Review: Therese Raquin

Therese Raquin, by Emile Zola, is a compelling and intense read. Each word is positioned to evoke emotion in the reader.

Therese Raquin was brought to live with her aunt Madame Raquin, and her cousin Camille, son of Madame Raquin. They eventually marry, a marriage of convenience and monetary means. The marriage is a lackluster one, in part, due to Camille’s frailness and overbearing mother.

Along comes Laurent, a coworker of Camille’s, and herein lies the beginning of the end for the four main characters. From the moment Laurent enters their lives, life as they know it is not the same.

The story line in Therese Raquin is a testament to horror, evil, individual disintegration, and the study of psychological impact and temperament regarding one’s actions. Morals are a thing of the past, and the present is filled with tortuous moments, from morning until evening, in the lives of Therese and Laurent.

And, for this reader, the words evoked a variety of emotions. From an adulterous affair to murder, this novel is infused with amazingly brutal word-images. The word imagery is gripping, and filled with vivid visuals that left this reader riding a roller coaster of emotions. The starkness and bluntness is not sugar-coated in any aspect. Zola incorporates the destructiveness with minute and vivid details that left this reader almost gasping for breath, at times.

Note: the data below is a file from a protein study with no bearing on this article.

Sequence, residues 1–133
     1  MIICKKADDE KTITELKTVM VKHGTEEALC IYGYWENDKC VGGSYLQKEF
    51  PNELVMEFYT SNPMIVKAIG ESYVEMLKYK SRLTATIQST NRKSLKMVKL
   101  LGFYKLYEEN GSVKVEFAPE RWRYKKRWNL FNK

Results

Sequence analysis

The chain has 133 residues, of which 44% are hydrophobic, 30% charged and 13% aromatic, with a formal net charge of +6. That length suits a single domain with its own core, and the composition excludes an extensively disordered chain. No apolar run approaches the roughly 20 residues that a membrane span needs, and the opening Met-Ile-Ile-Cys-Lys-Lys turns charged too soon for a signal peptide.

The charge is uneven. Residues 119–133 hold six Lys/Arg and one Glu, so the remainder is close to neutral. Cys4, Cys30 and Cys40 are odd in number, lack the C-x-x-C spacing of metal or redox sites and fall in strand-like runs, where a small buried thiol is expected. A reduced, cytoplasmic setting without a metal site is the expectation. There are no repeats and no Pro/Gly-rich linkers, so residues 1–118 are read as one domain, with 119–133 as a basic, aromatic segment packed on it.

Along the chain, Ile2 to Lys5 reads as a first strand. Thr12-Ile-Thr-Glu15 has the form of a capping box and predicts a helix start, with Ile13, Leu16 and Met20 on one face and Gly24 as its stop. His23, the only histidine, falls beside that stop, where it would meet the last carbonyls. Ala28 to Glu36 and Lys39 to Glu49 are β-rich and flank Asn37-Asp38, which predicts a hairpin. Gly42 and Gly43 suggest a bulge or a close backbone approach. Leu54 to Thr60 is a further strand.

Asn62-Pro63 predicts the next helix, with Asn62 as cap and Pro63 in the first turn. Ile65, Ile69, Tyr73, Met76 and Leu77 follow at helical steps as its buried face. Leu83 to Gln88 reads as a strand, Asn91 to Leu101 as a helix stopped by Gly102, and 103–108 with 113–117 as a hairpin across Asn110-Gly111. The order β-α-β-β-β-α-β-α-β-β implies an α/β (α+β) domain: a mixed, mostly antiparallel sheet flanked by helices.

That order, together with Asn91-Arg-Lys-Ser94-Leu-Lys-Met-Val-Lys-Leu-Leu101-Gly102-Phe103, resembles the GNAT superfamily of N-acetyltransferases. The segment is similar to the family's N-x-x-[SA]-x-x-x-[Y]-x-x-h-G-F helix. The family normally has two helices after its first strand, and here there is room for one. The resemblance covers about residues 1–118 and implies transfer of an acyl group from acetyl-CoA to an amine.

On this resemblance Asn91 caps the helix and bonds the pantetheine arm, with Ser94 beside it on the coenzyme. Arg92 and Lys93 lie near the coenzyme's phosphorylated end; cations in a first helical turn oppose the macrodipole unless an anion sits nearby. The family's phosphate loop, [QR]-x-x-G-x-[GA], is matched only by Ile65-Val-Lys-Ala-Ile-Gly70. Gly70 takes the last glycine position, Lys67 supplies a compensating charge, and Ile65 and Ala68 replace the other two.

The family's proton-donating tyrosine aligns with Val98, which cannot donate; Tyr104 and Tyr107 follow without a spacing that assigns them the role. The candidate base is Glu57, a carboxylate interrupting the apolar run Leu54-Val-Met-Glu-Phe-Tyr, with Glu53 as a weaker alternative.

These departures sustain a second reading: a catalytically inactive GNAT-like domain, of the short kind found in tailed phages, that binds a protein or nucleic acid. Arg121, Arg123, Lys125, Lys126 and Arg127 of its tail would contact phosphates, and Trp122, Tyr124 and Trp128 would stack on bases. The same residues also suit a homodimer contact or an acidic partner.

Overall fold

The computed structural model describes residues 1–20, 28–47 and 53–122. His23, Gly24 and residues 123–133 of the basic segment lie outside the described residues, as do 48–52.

Zola was, in my opinion, ahead of his time in depicting domestic violence (emotionally, physically and mentally), and its affects and effects on those who have contributed to the horrible circumstances, and those on the receiving end, of the main characters in the novel. The darkness, the guilt, and how the guilt torments the murderers is exhibited in depth.

It is a difficult read, in many aspects, especially with the no-holds barred vivid word imagery. The visuals enhance the story line, and I feel that without the horrific and often grizzly depictions, the story would be bland, and not profound, regarding the psychological study of the two main characters. No minute detail was left out.

Emile Zola’s sense of humanity, its goodness and its evil, is incredible. He was a master writer, and the novel, Therese Raquin, is a defining novel in that respect.


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